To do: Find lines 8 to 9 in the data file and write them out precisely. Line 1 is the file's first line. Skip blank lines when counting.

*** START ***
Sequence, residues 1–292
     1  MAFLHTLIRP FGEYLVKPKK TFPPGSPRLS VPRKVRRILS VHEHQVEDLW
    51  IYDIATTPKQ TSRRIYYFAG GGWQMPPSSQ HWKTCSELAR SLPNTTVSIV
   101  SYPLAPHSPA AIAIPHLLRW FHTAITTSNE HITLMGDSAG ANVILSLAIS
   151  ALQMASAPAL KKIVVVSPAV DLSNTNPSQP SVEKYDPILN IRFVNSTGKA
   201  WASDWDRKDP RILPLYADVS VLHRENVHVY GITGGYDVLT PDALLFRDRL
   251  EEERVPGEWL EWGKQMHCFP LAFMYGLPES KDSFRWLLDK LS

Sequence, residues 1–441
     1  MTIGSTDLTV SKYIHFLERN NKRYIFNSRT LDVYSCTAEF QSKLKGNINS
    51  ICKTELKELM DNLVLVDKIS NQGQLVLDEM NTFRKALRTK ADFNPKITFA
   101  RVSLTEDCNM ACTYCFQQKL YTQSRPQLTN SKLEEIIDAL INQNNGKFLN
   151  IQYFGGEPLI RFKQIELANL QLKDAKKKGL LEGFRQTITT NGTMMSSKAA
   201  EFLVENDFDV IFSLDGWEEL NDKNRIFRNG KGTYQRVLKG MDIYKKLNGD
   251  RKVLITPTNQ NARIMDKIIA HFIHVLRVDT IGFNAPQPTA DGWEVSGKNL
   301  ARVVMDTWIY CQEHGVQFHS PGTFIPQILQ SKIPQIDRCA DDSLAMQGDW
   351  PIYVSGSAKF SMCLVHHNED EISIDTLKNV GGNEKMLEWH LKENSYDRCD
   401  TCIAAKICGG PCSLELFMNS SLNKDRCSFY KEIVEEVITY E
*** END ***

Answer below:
Sequence, residues 1–441
     1  MTIGSTDLTV SKYIHFLERN NKRYIFNSRT LDVYSCTAEF QSKLKGNINS